This situation of Cameroon cannot make any international actor respect its leadership. In fact, because of the evil nature of the international system, most powerful nations will prefer to maintain this regime because it can exploit the resources of Cameroon hitch-free.
This AFCON fiasco can also enable us to understand the Anglophone crisis and the rise of secessionist movements in the North West and South West Regions. If this situation is a threat to the territorial integrity of Cameroon with hundreds of Cameroonians both civilians and security forces losing their lives, it is just a strong evidence to demonstrate how this government has failed in preventing crisis and manage them when they arise.
As I said above, a good leader must know how to anticipate and eliminate all threats. If we have ever thought that secessionists have always been in the Anglophone regions, then every responsible leader should not give the least chance for the secessionist to win the hearts of the people. But this is just exactly what happened when the protest of Anglophone lawyers, with legitimate grievances, were brutally treated when they asked the government to respect the constitution of the country. A responsible government should have quickly brought a solution to their complaints, in order not to fuel the secessionist claims of Anglophones marginalization. This situation was the last drop that filled the cup of Anglophone grievances for decades, hence radicalizing a great number of Anglophones and ultimately leading to the humanitarian crisis we find ourselves today.
Also, just like the case of the AFCON fiasco, if we had started preparation building the necessary infrastructure from the day, we were granted the right to host the tournament, there is no doubt that at least most of the stadia would have been ready by today. In fact, a country like Cameroon which has been champion of Africa 5 times, should not have even waited to be granted hosting rights before thinking of building stadia, given that football is the only domain that has made Cameroon known worldwide.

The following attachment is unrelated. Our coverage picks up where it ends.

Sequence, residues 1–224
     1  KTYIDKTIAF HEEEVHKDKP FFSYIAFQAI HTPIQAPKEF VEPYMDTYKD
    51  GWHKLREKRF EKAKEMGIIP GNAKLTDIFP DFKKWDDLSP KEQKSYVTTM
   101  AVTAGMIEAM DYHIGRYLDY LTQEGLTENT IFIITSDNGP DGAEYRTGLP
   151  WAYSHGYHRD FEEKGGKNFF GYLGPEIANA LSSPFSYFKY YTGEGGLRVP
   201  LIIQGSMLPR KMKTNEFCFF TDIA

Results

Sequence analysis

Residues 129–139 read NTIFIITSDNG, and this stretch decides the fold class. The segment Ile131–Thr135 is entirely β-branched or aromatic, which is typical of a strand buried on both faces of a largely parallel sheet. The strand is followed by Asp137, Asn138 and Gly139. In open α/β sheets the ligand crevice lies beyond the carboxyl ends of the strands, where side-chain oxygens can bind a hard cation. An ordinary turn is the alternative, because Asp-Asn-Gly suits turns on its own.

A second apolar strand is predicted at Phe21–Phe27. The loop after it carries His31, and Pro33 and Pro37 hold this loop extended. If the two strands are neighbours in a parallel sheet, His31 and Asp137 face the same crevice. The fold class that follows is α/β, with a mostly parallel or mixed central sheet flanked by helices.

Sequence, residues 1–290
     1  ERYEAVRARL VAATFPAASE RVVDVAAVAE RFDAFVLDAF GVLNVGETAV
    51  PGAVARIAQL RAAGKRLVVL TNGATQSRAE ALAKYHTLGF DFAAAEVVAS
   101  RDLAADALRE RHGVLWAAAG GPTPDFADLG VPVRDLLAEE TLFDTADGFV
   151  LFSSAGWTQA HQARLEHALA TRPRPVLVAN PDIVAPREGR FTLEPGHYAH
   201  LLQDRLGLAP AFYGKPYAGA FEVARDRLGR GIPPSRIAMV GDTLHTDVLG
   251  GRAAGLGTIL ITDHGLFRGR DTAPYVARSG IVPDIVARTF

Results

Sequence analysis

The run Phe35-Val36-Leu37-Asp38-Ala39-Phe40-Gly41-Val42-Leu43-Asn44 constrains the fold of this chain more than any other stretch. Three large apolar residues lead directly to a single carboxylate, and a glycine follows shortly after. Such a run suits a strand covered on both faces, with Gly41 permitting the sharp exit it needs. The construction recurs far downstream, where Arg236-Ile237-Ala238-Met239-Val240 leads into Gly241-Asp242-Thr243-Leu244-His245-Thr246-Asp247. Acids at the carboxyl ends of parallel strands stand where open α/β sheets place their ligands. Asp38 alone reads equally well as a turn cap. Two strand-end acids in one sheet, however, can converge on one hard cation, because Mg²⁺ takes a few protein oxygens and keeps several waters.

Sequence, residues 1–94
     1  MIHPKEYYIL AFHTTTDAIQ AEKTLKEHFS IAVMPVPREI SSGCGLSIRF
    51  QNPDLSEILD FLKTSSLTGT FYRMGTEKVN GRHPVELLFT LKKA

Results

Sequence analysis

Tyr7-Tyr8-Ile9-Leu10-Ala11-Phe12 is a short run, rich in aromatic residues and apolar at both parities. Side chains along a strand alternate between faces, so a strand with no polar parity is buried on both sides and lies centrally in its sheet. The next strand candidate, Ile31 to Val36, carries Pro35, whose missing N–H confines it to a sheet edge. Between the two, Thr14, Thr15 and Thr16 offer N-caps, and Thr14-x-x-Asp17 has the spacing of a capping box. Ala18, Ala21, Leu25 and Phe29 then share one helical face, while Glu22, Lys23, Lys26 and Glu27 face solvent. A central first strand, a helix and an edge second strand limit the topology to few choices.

These are just a few examples to show that this government has spent most of its time, voluntarily and involuntarily, inviting trouble to itself and being unable to manage them, but rather using crisis it created as a pretext to explain their lackluster performance.
Since most Cameroonians have been students at some point in their lives, I would like to use the example of an exam to illustrate the inefficiency of our leadership. We all know, fully well, that when public exams are set, the candidates must make it to the exam hall, if not they automatically fail. Even if the weather conditions are extremely bad or they are attacked on the way or make an accident, these candidates will fail the exam. Therefore, students whatever the difficulties they encounter on exam day must make it to the hall if not they fail, regardless of the excuse they have.
In like manner, states also need to overcome all obstacles in order to meet the objectives they have set for themselves, there are no rooms for excuses. Right now, Cameroon is unable to meet any of its objectives and it is obvious that with these current trends, it will be impossible for Cameroon to become an emerging country by 2035.
It is about time for Cameroonians to wake up and make all those who govern us to be held accountable. As the President of ACT movement, Christian Penda Ekoka often says “the world is moving at a very fast pace, but Cameroon is moving at a very slow pace”. The only factor that can explain this is that President Biya has failed to live up to the expectation of an efficient leader and what is more dramatic is that Cameroonians have not helped him because we have refused to sanction him.We also need to play our role. Cameroonians, at the end of the day, must learn to put pressure on their government in order for them to deliver. We should never forget that the people have the power and that those who govern us have been delegated authority in order to serve the interests of the commonwealth. The time to ACT must be now and not later.